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Welcome to the York Festival of Ideas

Posted on 20 April 2011

Welcome to York’s first Festival of Ideas! York is an incredibly exciting, vibrant and diverse city, rich in heritage, discovery and an overriding sense of curiosity—in short a city where ideas spring to life and flourish.

Where better then to bring together a range of world-class speakers, exhibitions, performances and artistic endeavour. The Festival of Ideas is a partnership between the University of York, York Theatre Royal, The National Centre for Early Music and York Museums Trust and we hope that the events in this first pilot Festival will appeal to people of all ages, including residents of York and our many visitors.

The Festival explores a series of intriguing links between past and present, showcasing contemporary ideas, arts and culture, and brings these ideas into conversation with the heritage of the city to reveal new and exciting stories about York, Britain and the world. 
The themes of this first Festival are Beckett, the Body and the Bible.

Samuel Beckett  is one of the inspirations for our Festival. Beckett’s dark humour speaks with special power to the uncertainties of our global world. We are delighted to welcome to York two novelists powerfully influenced by Beckett’s work - John Banville and the Nobel Laureate JM Coetzee - and to host theatre performances by the internationally renowned Gare St Lazare Players.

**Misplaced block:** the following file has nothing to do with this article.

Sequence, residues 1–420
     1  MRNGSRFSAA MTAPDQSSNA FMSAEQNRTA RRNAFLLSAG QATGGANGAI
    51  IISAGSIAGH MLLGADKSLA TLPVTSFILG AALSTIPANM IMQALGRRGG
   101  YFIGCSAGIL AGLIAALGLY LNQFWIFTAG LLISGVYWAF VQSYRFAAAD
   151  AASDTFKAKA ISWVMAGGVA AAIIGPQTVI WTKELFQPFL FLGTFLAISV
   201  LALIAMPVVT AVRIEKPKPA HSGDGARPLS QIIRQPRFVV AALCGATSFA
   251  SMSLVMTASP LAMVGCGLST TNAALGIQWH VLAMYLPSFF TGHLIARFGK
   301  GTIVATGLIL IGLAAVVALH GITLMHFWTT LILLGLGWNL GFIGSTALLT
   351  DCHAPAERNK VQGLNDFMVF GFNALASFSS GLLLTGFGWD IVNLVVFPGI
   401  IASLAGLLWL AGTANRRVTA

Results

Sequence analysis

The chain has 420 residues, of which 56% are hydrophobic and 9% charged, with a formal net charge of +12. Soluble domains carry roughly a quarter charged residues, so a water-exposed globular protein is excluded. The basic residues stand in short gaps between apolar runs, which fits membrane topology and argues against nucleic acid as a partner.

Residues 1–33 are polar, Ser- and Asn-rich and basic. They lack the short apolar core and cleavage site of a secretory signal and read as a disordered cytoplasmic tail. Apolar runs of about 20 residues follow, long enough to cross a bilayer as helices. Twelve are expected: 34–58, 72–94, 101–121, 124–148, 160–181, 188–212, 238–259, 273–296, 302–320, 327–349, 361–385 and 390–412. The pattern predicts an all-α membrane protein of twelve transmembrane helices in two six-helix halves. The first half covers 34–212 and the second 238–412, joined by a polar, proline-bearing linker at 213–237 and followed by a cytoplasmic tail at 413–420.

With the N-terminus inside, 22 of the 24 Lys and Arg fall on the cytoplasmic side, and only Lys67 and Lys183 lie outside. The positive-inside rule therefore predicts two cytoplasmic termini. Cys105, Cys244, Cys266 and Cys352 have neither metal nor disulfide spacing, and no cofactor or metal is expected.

The body, as a site of pleasure, or as a flashpoint for artistic and racial controversy, is another important theme linking a number of Festival events. Listen to Kester Aspden discussing the case of David Oluwale, the Nigerian migrant whose body was found in the River Aire in 1969. Enjoy A Mad World, My Masters, Thomas Middleton’s brilliant comedy of conmen and sexual intrigues, first performed in 1605. Inspired by Rubens and Titian, the York painter William Etty was the first major British painter to specialise in depicting the nude: come and discover his career and controversial reputation in a major exhibition opening at the Art Gallery. Or experience Mischa Twitchin’s Thanatoscope: an innovative digital installation incorporating imagery such as Beethoven’s death mask.

Our Festival also celebrates the 400th anniversary of the King James Bible. The new Bible changed the political and cultural landscape of Europe and transformed the English language. To find out more, why not see the fascinating exhibition A Book Fit for a King at York Minster’s Old Palace. Join us at the Theatre Royal to explore the relationship between community and belief at Anthony Minghella’s touching and funny play, Two Planks and a Passion, listen to a unique interweaving of early Renaissance music or experience digital imagery in The Greatest Story Ever Told at the National Centre for Early Music.

We hope our first programme will inspire a new understanding of the power of ideas and the intellectual dynamism of the city of York.

The Festival of Ideas team